How Using Heavy Metal As A Scapegoat Led To A Riot

Fernando Catalina Landa, CC BY 2.0 , via Wikimedia Commons
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People nowadays like to romanticize the salad days of heavy metal. While it’s undeniable that some of the best music ever recorded was coming out in the 1980s and early ‘90s, a lack of understanding by the mainstream served to push headbangers further into the margins. Obnoxious as parental pearl-clutching could be, dangerous political lobbies whose goal it was to paint metalheads as a violent horde, hell bent for self-destruction. 

It’s only human to want to apply reasoning to tragedy. At this point in history, metal proved to be a convenient scapegoat for a spate of suicides and murders across the country. In 1986, Ozzy Osbourne was sued by a family over the song “Suicide Solution” after a young fan killed himself. A similar scenario played out a few years later with Judas Priest over their cover of Spooky Tooth’s “Better By You, Better Than Me.” In California, thrash legends Slayer were sued for inspiring a horrific murder at the hands of teenage fans.

In March of 1987, four teenagers in Bergenfield, New Jersey died as part of a suicide pact. As some of them were fans of heavy metal, whispers began circulating that Iron Maiden somehow inspired the incident. When the band played at the nearby Meadowlands Sports Complex a few weeks later on March 28th, they were asked to address the crowd regarding the tragedy, to which frontman Bruce Dickinson said: “You might have read about a few kids very tragic and very sadly committed suicide around New Jersey recently. This is something … very tragic and not something to be taken lightly, and they’ve asked us to say a few words about it because apparently some of these kids used to be Iron Maiden fans or heavy metal fans.”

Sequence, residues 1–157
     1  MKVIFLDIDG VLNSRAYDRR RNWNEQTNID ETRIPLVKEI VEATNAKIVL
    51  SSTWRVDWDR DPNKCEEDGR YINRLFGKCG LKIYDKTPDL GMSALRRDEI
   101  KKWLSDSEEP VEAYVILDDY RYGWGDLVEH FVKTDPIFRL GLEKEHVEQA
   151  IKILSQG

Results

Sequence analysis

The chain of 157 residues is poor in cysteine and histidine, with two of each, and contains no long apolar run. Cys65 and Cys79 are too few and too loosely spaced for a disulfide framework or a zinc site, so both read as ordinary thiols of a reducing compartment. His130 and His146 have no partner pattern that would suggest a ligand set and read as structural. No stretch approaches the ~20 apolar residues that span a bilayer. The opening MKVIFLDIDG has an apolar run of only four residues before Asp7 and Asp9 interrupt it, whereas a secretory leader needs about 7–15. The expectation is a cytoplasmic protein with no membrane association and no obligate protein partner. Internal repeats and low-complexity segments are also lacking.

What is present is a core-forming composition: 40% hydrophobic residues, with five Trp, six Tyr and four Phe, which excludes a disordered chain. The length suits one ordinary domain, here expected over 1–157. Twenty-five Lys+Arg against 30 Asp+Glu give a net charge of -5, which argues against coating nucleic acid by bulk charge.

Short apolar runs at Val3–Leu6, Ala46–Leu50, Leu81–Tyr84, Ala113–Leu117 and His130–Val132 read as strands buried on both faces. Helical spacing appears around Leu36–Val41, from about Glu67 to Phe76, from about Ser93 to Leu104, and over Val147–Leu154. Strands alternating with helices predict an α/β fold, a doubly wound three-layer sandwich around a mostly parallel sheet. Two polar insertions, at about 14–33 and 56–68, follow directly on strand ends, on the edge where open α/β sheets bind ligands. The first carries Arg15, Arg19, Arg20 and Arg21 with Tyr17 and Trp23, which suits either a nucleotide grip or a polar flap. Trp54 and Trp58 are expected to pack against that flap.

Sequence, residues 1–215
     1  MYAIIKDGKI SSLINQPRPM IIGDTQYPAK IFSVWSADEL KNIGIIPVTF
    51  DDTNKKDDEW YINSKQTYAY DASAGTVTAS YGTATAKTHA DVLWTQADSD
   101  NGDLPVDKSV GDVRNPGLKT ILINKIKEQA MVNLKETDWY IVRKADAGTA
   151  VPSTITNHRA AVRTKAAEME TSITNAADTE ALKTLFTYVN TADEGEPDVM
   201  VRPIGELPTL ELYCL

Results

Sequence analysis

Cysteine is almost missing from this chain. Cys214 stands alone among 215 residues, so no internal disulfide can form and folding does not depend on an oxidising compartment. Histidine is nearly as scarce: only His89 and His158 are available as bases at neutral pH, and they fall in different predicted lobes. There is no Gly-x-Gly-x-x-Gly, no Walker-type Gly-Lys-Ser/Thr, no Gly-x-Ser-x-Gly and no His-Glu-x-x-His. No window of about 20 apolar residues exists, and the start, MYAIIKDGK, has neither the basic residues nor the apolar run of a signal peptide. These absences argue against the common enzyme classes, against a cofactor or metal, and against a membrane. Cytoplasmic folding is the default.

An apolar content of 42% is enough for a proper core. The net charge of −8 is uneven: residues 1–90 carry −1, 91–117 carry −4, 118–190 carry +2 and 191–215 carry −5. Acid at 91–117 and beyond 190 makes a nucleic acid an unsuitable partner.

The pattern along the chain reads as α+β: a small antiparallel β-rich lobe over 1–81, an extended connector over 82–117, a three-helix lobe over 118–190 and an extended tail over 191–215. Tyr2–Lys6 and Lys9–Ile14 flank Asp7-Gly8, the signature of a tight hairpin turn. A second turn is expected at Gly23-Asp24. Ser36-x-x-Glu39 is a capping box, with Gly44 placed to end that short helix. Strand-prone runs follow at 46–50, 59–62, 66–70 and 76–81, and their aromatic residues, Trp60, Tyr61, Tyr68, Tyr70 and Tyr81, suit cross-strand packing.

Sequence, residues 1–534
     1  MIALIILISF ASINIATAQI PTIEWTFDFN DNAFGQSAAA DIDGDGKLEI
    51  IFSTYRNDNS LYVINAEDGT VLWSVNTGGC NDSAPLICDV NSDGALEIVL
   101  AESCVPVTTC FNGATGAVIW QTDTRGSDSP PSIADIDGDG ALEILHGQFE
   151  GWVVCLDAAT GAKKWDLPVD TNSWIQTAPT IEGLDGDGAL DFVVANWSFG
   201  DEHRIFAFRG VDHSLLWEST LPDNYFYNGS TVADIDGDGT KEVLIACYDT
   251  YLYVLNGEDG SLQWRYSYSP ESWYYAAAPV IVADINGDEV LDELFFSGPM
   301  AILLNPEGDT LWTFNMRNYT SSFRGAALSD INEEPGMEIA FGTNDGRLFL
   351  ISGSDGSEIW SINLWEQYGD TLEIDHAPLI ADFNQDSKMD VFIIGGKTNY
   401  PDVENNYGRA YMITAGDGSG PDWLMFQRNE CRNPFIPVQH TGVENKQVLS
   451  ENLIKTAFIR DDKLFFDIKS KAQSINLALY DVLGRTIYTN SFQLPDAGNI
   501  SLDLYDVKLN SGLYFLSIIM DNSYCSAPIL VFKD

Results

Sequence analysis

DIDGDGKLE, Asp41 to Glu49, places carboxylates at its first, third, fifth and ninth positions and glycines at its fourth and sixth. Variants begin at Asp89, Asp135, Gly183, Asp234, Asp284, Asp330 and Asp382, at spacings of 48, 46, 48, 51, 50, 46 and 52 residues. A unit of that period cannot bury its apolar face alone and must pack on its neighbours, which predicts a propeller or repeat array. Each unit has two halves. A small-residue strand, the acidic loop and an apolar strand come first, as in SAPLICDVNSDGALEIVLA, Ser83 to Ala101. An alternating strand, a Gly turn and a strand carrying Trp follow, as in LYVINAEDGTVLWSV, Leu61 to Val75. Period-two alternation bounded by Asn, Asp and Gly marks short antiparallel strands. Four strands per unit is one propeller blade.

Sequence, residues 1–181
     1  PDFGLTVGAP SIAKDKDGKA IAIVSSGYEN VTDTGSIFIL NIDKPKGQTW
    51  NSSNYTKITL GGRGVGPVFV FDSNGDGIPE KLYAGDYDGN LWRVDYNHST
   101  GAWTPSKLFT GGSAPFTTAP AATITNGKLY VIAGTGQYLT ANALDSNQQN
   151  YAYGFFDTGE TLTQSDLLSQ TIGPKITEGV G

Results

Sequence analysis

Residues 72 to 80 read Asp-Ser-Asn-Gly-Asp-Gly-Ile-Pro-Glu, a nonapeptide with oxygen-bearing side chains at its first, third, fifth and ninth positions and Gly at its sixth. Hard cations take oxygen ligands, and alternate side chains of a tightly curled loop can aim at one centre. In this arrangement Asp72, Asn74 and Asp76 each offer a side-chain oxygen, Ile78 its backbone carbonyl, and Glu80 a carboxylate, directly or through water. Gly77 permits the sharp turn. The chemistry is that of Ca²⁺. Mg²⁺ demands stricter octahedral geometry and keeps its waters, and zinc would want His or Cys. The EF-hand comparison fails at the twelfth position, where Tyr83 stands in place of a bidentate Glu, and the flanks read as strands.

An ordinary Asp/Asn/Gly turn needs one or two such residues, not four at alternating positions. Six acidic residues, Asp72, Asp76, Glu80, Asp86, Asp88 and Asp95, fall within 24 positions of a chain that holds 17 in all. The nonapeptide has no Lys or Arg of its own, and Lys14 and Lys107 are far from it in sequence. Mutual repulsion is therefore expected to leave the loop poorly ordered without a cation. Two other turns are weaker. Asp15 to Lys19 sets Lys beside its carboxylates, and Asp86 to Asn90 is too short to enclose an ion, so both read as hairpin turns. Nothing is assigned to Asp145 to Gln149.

He went on, “one or two people in this world who I think have more of an eye for a fast buck and quick headline than for common sense and the truth have somehow decided that the tragic death of these kids is going to be somehow laid at the door of music and I think that’s terrible.

“Whenever anybody says something about our kind of music … you just tell them that what we’re doing up here is not evil, it’s not bad, it’s there to make people happy.”

Unfortunately for Dickinson and heavy metal as a whole, all hell would break out later that night. As The Star-Ledger reported at the time, the riot didn’t begin until after the show had ended at 12:15am. However, fans say that the environment was tense throughout the concert. Maiden fan Jason Kalfin said of the tailgate earlier on: “Everybody’s hanging out, listening to music and all of a sudden a bottle smashes near us.” As the glass continued to fly, he and his friends ducked into the arena to avoid the danger.

When the dust settled in the early morning hours, two cars had been overturned and torched while 33 people were arrested on charges such as aggravated assault with a motor vehicle, simple assault, trespassing, criminal mischief and creating a disturbance. 

Called the worst ever incident to ever occur at the Meadowlands by some police at the time, a ban on alcohol before concerts was temporarily put into effect. As much of a headache as that might be, the real problem to come on the heels of the melee came in the form of a segment on prestigious news magazine 20/20, which used footage of the chaos in order to lambast heavy metal and again posit the blame for the Bergenfield suicides on Iron Maiden.

When asked during the segment about accusations of heavy metal inspiring outrageous and sick behavior, Dickinson responded: “You mean like selling arms to Iran? Or these guys doing insider dealings or companies dumping toxic waste everywhere? Because they wear suits and ties [you think] it’s ok. They’re not sick.

Check out some clips of the segment right here.